“Dixie was a huge influence on me,” recalled Hansen. “She gave everybody a chance. Dixie taught tennis, but she was a national champion in track & field. She was a positive influence and a person who was an advocate for young women to compete in sports. She was a woman with a purpose.”
Thanks to the efforts of Griffin, Hansen competed in several track & field events including the 400-yard dash, the hurdles, the javelin, the shot put and the long jump while at Granada Hills. Hansen didn’t qualify for the City Championships but her track & field efforts sparked a passion for running.
At Pierce College, where she trained with the men’s team. Her track & field coach was a golf teacher who taught the sport out of a book. She competed in several track meets but was often relegated to keeping the scorebook at the men’s meets.
“I always had a thought about how far I could run without stopping,” said Hansen.
In 1970, Hansen transferred to San Fernando Valley State College, where she signed up for a track & field class taught by a basketball coach. While at Valley State, Hansen trained with Laszlo Tabori at Los Angeles Valley College. Hansen had dreams of becoming an outstanding competitor and a runner in long-distance events. With Tabori’s coaching, tough words of encouragement and training regime, Hansen was headed in the right direction.
Hansen still keeps in contact with Tabori, who is 81-years-old and lives in Agoura.
“Laszlo made me the runner I was,” said Hansen, who trained with Tabori for more than 30 years. “It took a lot of hard work and discipline. I didn’t know at the time how intense this man was. Honestly, my first workout warm up was more than I had ever run in my life. He was such a disciplinarian. I still talk with him all the time. I am hoping he can join me at the Hall of Fame induction ceremonies in New York.”
Hansen trained as a middle-distance runner, but discovered her long-distance running talents when she competed in events longer than 5,000 meters.
In 1971, Hansen attended the Culver City Marathon to watch and cheer for teammate Cheryl Bridges. That event was pivotal in her life.
In an interview with GaryCohenRunning.com, Hansen said “… I told Cheyl that Laszlo and I would come out and cheer for her. I thought that anyone crazy enough to run that far (26.2 miles) needs some support. I watched (the race) and I caught the bug … I was fascinated by it (the marathon) and I made a secret vow to myself to come back and run this marathon (Culver City) a year later.”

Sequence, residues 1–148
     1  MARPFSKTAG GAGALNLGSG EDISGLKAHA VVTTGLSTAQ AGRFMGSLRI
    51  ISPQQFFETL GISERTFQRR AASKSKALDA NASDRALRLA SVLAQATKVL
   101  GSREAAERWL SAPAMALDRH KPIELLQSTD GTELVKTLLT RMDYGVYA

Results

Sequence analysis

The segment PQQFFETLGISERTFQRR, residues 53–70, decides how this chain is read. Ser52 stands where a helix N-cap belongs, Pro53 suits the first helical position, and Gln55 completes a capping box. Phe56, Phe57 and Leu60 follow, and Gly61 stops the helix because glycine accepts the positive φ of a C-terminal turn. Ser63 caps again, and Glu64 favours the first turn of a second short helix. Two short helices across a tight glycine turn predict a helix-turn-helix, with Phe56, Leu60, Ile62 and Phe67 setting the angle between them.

A year later, Hansen, in her first marathon, captured the Culver City event.
From that point on, Hansen’s marathon career zoomed.
In 1973, Hansen was encouraged to run in the Boston Marathon. A friend, Patrick Miller, had run for Yale and told her that a women’s division had been added to the race. Hansen agreed to go, tripled her interval workouts and made plans to head east to not only compete in the event, but to win the race.
“I was ready to run,” said Hansen.
The large crowds at the Boston Marathon helped her through the grueling 26.2-mile event. She still hears the sounds of screaming girls at Wellesley College yelling to her from the sidelines, “You’re number one.”
“I crossed the finish line and it was euphoric,” said Hansen. “Winning the Boston Marathon literally changed my whole life. I was now a marathoner runner. I definitely found my event and I loved it. That event was a huge turning point in my life.”
Hansen broke the 2:40 women’s marathon barrier in 1975. She was ranked as the top woman marathoner in 1974 and 1975.
In 1984, the American Civil Liberties Union (ACLU) of Southern California gave Hansen its annual Award for Leadership for her tireless and successful lobbying efforts to advance women’s distance running and to add the marathon and later the 5,000 meters and the 10,000 meters to the Olympic Games agenda.
In an interview with GaryCohenRunning.com, Hansen said “… I really feel like my political contributions were more significant because they left the world a little better place than I found it.”
Although her running days are over, physical activity remains a constant in her life. Hansen walks every day. “I don’t have any excuses why I shouldn’t exercise.”
Matador Memo …
In 1988, Jacqueline Hansen was inducted into the Cal State Northridge Hall of Fame … Hansen’s winning efforts also included the 1973 AIAW national championship in the mile while an undergraduate at Cal State Northridge … Jacqueline still lives in the Los Angeles area … Hansen is a member of the CSUN Ad Hoc Committee on Athletics Engagement.